I believe honesty and integrity are paramount to making music of value. Everyone has something unique to offer the world, and as an artist if you can tap into that internal core when you make ‘my music’, then you are bringing something of value into the world.
What are your thoughts on Western classical music and fusion?
I don’t like the Indian and western comparisons, but the one thing I do like to take note of is that in the West, there is a space created for every genre so it’s allowed to exist on its own. Opera has opera houses, classical music has symphony halls, electronic music has clubs, rock music has stadiums. Everyone has got their space and there is sponsorship, donorship, support, radio channels for each genre. There is a setup for each thing and people can go for what they want.
Is music and its education important?
To an extent, yes. Music is the fabric of our society, and music can shape abilities and character. Musical education can greatly contribute to a person’s intellectual development. Artistic education develops the whole being and makes one emotionally developed, with empathy towards other cultures. I was definitely soaking up a lot of music before I experienced any formalized learning. As mentioned earlier, I definitely remember my first sitar lesson at around the age of seven. It was a key point, but I wasn’t very keen at that point.
When would India be ready to fully support the classical arts?
I think our music in its purest form is something what we always talk about here as being under threat. I see that less for myself because I don’t come here that often, but I see my peers who say that they have to do collaborations and crossover fusion, and some kind of spin for it to sell. That’s such a shame because there is a huge audience for our music abroad. I tour around the world, the classical shows would totally sell out. There is a huge audience for what we have to offer. It’s a shame that it is not translating in the country of its origin. We have a narrow stream of media and it’s really prominent and therefore it seems like Indian music is under threat, because it is not very visible. There is only one genre that’s really visible. But if you go to any classical festivals in any of the cities, it is amazing, it is beautiful. There are thousands of people listening all night.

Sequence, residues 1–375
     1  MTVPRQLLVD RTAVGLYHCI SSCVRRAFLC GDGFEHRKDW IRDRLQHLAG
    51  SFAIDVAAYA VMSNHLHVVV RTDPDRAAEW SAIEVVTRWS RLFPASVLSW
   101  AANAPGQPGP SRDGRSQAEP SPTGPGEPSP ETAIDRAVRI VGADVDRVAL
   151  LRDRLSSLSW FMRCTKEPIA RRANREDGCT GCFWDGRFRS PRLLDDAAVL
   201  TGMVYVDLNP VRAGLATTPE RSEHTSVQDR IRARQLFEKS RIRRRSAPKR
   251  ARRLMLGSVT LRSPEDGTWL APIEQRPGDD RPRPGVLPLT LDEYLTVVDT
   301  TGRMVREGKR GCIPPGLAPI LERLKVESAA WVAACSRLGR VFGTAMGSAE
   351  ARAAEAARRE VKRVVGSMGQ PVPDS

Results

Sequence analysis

This is your younger son, Mohan’s first trip to India. Do you think a place leaves any impressions at such a young age? Do you remember your first visit? Or your initial days in the country?
It’s been a long gap of two years since I last performed in India, because I was heavily pregnant with Mo last winter and therefore didn’t come to visit. Playing in India is always a special experience. We will be taking a holiday together over New Year’s and I look forward to showing Zubin many things about our country and culture, as at nearly five years old he is now old enough to create memories and understand so much more.
Team BollySpice wishes Anoushka Shankar the very best!